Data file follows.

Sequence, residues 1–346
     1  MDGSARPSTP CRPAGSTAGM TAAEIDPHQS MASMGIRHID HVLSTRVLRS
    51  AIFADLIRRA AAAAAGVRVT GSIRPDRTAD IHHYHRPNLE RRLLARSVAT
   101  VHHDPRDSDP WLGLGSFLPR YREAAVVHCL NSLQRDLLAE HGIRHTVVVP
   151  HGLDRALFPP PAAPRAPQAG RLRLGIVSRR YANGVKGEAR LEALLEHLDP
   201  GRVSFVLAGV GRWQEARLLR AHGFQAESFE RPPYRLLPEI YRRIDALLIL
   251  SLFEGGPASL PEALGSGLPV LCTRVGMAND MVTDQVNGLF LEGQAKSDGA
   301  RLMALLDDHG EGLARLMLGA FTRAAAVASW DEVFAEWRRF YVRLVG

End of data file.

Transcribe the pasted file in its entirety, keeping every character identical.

Sequence, residues 1–346
     1  MDGSARPSTP CRPAGSTAGM TAAEIDPHQS MASMGIRHID HVLSTRVLRS
    51  AIFADLIRRA AAAAAGVRVT GSIRPDRTAD IHHYHRPNLE RRLLARSVAT
   101  VHHDPRDSDP WLGLGSFLPR YREAAVVHCL NSLQRDLLAE HGIRHTVVVP
   151  HGLDRALFPP PAAPRAPQAG RLRLGIVSRR YANGVKGEAR LEALLEHLDP
   201  GRVSFVLAGV GRWQEARLLR AHGFQAESFE RPPYRLLPEI YRRIDALLIL
   251  SLFEGGPASL PEALGSGLPV LCTRVGMAND MVTDQVNGLF LEGQAKSDGA
   301  RLMALLDDHG EGLARLMLGA FTRAAAVASW DEVFAEWRRF YVRLVG